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The poet William Wordsworth once said that the best way to view the hills of the English Lake District was from a boat on one of the lakes. I’d agree with that; when I was a kid, my holiday job was working on those boats on Lake Windermere.
A lot of time has passed since then, and I’ve amassed many more over the years. Cruises on lakes, river cruises, trips around the harbour, ferry crossings - the only thing I excluded from my list was ocean cruises.
River cruises fall into two categories. There’s the short day trip on the river, and there’s a multi-day cruise. The scariest was probably the trip out to the reef in Mombasa, Kenya, in a vessel that had me surreptitiously counting the lifebelts, and comparing the count with the number of souls on board. The most exciting was the RIB (rigid inflatable boat) ride right to the foot of the Iguaçú Falls' Brazilian side (where they’re not quite so intense), and the skipper was able to pilot us into some of the lesser cataracts. The quirkiest a cruise up Australia’s River Murray in the Murray Princess, a replica of a sternwheel paddle steamer from the Mark Twain era.
It’s not really a steamer, though. It has diesel engines. But, that’s a misnomer I’ll happily forgive, for I remember Windermere’s old Tern. I remember it fussing busily down the lake, usually trailing black smoke from its funnel. Most passengers blessed the day in 1956 when she was finally re-engined with diesels.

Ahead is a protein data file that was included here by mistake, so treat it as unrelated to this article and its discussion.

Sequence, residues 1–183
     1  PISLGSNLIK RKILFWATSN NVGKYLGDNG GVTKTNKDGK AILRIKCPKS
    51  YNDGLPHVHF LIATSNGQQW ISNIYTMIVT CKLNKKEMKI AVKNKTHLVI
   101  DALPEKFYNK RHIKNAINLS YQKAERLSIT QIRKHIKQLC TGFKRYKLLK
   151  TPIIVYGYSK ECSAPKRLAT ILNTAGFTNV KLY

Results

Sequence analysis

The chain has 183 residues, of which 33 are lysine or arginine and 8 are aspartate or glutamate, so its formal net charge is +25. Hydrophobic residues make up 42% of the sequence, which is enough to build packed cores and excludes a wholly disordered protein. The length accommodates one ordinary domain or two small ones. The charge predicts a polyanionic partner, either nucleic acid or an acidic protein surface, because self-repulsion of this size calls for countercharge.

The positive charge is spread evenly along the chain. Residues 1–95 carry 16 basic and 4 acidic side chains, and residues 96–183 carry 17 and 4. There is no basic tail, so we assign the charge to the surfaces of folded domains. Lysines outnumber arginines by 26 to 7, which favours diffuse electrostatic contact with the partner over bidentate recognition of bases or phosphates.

One place where river cruising really caught on is the River Nile in Egypt. Many cruise boats ply the river, usually between Luxor and Aswan. The Aswan dams are an impenetrable bar to further progress southward, but it is possible to transfer to another boat, which will take you down Lake Nasser to the famous temple at Abu Simbel.
The boats are usually shallow draught vessels driven by internal paddle wheels. The Royal Navy’s China River gunboats worked on the same principle and were reputed to be able to sail on a heavy dew. The biggest surprise was the captain - or more correctly the pilot - dressed in kaftan and turban. Briefly introduced on the first night, he then bustled off to his duties, never to be seen again.
In contrast, most other captains were highly visible, and looked like ship’s captains rather than one of the Forty Thieves. In fact, on Murray Princess we were on its first cruise of the season, and sat at the captain’s table every night. And on the Edward Elgar, one of the few, if not the only ship to cruise British rivers, the captain helped to serve our meals!
Fond boat memories...
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